On 10/31/16, Guido van Rossum email@example.com wrote:
For "everything to the right" it would seem we have some freedom: e.g. if we have "foo.bar?.baz(bletch)" is the call included? The answer is yes -- the concept we're after here is named "trailer" in the Grammar file in the source code ( https://github.com/python/cpython/blob/master/Grammar/Grammar#L119), and "primary" in the reference manual ( https://docs.python.org/3/reference/expressions.html#primaries). This means all attribute references ("x.y"), index/slice operations ("x[...]"), and calls ("x(...)").
Note that in almost all cases the "?." operator will be used in an context where there is no other operator of lower precedence before or after it -- given the above meaning, it doesn't make a lot of sense to write "1 + x?.a" because "1 + None" is always an error (and ditto for "x?.a + 1"). However it still makes sense to assign such an expression to a variable or pass it as an argument to a function.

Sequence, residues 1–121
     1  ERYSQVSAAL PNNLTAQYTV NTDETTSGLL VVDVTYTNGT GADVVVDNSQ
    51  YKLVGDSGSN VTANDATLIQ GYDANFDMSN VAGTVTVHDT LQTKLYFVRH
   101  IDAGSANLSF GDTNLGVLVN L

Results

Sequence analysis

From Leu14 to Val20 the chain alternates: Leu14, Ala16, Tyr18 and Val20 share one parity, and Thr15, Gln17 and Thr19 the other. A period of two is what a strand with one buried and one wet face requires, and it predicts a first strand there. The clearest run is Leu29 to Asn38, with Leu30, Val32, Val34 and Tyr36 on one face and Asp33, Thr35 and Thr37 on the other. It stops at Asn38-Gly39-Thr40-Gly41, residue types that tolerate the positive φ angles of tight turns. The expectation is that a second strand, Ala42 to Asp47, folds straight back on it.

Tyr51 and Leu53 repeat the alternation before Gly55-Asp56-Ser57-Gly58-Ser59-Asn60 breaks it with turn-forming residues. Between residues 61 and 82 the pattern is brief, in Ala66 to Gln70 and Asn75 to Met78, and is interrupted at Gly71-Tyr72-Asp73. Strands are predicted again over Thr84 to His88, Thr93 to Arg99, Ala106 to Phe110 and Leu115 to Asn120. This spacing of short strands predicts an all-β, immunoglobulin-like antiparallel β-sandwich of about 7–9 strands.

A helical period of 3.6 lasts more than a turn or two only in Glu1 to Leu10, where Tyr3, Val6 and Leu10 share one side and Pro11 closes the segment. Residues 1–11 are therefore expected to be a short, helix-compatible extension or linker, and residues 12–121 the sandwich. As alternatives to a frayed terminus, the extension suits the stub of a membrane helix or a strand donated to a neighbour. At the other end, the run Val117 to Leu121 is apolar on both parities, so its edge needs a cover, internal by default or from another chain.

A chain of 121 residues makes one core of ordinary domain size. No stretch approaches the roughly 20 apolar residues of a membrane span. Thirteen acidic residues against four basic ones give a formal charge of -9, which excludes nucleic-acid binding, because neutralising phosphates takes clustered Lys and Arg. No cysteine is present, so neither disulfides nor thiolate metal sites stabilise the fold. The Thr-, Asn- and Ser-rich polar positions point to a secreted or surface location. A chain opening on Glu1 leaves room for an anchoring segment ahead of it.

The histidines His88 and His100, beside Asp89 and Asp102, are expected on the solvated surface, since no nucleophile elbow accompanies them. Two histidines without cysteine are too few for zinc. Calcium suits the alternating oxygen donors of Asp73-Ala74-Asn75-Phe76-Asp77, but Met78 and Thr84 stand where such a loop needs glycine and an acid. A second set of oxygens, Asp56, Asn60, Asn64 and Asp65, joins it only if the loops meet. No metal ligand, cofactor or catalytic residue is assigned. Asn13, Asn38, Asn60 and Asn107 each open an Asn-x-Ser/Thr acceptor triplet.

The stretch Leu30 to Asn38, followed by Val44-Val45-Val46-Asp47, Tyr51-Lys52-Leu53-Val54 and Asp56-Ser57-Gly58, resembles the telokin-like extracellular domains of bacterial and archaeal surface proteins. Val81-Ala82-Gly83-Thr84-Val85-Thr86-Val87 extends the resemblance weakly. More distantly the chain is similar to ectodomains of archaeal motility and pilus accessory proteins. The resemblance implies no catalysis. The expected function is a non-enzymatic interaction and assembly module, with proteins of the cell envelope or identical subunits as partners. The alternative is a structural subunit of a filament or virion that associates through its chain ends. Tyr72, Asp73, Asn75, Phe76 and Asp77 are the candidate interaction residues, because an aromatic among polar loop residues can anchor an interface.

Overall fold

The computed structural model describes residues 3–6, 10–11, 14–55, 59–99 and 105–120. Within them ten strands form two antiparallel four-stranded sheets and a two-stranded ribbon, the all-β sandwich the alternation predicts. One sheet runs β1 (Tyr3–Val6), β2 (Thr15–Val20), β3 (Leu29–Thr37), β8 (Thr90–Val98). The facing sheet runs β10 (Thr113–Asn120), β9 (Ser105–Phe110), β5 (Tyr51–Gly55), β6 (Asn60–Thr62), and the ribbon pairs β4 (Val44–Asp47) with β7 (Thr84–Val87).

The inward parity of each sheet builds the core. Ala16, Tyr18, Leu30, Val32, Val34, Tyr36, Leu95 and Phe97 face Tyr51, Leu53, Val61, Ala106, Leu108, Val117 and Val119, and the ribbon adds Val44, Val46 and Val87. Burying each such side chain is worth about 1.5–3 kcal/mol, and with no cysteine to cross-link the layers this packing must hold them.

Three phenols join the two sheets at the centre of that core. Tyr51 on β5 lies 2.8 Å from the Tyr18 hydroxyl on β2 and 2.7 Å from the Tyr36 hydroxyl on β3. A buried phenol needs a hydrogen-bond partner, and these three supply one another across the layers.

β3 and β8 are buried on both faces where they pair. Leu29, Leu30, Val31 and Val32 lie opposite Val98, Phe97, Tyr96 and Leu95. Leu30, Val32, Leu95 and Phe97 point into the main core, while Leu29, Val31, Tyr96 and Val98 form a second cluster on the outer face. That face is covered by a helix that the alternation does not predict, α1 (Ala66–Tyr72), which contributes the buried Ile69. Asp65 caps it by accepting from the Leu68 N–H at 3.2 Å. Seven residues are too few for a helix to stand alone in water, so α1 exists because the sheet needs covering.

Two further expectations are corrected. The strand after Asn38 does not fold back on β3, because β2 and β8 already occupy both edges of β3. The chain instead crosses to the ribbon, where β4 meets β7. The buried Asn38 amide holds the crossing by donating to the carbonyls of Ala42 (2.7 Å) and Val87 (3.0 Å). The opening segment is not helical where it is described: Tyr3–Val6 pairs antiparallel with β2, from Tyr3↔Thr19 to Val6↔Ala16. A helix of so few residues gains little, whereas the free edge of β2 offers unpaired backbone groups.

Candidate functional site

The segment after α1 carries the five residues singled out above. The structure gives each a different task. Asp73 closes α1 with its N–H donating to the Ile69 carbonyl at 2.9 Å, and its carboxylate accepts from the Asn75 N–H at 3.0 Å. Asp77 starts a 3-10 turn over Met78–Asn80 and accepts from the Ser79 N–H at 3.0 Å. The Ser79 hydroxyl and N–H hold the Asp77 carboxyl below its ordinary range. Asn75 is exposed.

So you can ignore the preceding four paragraphs: just remember the simplified rule (indented and in bold, depending on your email client) and let your intuition do the rest. Maybe it can even be simplified more:
*The "?." operator splits the expression in two parts; the second part is skipped if the first part is None.*
Eventually this *will* become intuitive. The various constraints are all naturally imposed by the grammar so you won't have to think about them consciously.
If we skip function call then we also skip argument evaluation?
def fnc(): print('I am here')
None(fnc()) # behavior similar to this? None()[fnc()] # or to this?